Questions swirl whether Tel Aviv was involved in peddling aviation-threat intelligence on ISIL - and motives behind it.
US news reports say Israel was the source of intelligence that President Donald Trump disclosed to the Russians during a White House meeting last week, igniting further controversy for the beleaguered administration.
According to a New York Times report on Tuesday, Israel shared with US spy agencies sensitive intelligence about an Islamic State of Iraq and the Levant (ISIL) bomb plot targeting airliners using laptop computers.
National Security Advisor HR McMaster denied that Trump had disclosed any sources or methods to the Russians, saying the Washington Post report that first broke the story was "false".
Trump confirmed later he shared information with Russian Foreign Minister Sergey Lavrov and Ambassador Sergey Kislyak.
Several US media organisations confirmed with their own sources the Times’ report that Israel was the source of the information.
In a statement, Israel’s Ambassador to the US Ron Dermer said Israel has "full confidence in our intelligence-sharing relationship with the United States".
But he did not comment specifically on the veracity of the Times’ report.
The purported Israeli intelligence in question reportedly concerns ISIL’s newly acquired capability to hide sophisticated bombs inside laptop computers.
This information is said to have led the US government declaring the ban last March on all large electronic devices on board airlines coming to the US from eight Muslim-majority nations.
READ MORE: Trump disclosed secrets to Russia: Washington Post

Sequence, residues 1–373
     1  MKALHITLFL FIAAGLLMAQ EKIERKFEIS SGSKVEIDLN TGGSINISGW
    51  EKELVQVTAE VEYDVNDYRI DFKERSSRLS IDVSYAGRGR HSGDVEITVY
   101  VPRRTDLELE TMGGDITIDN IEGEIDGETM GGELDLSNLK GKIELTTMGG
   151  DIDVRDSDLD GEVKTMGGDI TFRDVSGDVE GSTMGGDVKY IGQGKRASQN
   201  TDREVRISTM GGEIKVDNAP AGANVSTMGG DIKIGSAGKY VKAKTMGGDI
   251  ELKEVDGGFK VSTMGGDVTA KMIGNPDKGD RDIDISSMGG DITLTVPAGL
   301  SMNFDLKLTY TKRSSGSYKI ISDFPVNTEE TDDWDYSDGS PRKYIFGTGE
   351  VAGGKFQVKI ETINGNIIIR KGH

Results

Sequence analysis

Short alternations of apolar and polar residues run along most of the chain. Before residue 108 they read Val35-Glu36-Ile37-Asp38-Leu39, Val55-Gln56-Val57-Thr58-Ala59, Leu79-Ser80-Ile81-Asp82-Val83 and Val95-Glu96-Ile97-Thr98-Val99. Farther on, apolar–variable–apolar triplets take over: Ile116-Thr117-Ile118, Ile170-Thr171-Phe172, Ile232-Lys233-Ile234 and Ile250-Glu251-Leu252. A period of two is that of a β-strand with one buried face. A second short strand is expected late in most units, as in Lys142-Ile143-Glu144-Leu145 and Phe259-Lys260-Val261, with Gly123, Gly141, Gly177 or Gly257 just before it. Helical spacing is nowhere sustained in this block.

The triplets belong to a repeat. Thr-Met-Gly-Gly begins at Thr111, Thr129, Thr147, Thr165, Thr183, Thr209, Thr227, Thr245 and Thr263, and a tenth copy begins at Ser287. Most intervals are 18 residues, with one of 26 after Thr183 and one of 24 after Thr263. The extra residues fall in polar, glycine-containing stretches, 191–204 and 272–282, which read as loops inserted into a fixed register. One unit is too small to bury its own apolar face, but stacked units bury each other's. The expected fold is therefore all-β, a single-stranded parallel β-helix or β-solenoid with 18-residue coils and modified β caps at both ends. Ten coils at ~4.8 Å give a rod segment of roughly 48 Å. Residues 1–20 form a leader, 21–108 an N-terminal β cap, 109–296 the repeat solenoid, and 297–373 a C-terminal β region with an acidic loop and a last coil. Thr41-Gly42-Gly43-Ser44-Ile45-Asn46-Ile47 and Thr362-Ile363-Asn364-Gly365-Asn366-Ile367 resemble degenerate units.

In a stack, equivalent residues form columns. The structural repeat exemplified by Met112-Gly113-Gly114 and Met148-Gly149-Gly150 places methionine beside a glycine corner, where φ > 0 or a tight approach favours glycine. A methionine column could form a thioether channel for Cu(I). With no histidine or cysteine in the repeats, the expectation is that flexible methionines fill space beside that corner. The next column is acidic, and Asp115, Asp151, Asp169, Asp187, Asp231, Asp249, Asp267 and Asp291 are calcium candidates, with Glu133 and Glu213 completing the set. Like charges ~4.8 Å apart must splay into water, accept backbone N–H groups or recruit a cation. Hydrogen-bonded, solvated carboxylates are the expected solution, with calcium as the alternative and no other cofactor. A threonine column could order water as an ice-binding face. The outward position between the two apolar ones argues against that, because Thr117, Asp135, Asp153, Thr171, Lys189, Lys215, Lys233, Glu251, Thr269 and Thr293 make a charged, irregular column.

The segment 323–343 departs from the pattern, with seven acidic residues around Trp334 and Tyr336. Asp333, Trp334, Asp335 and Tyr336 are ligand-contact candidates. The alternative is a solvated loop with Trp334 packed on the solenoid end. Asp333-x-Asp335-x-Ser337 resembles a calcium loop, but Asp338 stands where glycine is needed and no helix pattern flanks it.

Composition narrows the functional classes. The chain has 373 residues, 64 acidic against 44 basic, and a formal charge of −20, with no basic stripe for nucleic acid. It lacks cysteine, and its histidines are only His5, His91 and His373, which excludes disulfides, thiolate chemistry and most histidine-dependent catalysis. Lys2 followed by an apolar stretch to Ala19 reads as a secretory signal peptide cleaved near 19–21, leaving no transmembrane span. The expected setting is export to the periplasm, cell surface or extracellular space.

The ban affects nine companies: Royal Jordanian Airlines, EgyptAir, Turkish Airlines, Saudi Airlines, Kuwait Airways, Royal Air Maroc, Qatar Airways, Emirates, and Etihad Airways.
All of these airlines have direct flights to the United States and pose strong competition to American aviation companies, especially during the busy summer season.
Former CIA case officer John Kiriakou expressed scepticism about Israel’s ability to obtain highly sensitive intelligence of this nature about ISIL.
"If it was the Jordanians or the Turkish intelligences services who have done that, it might make more sense because these organisations have a long history of dealing with groups like ISIL," Kiriakou told Al Jazeera on Tuesday.
"I won’t be surprised if it turned out that Israel acted in its own interests to disrupt the Middle Eastern airlines business by throwing its own wrench into the whole thing," he said.
CNN reported on Tuesday it withheld reporting on the intelligence that led to the laptop ban after US intelligence officials made urgent requests to hold off for a March 31 story, citing national security concerns.
"What US officials told CNN in late March was that publishing certain information - including a city where some of the intelligence was collected - could tip off adversaries about the sources and methods used to gather the intelligence," the American network said.
Other pundits challenged the entire narrative of Trump’s discussions with the Russians.
Washington DC-based analyst Peter Roff blamed the media for hyping Trump’s sharing of intelligence with Lavrov and Kislyak in stories based solely on "anonymous sources".
"There is nothing wrong with the president sharing intelligence with the Russians as a goodwill gesture, given that both nations are fighting ISIL," Roff told Al Jazeera.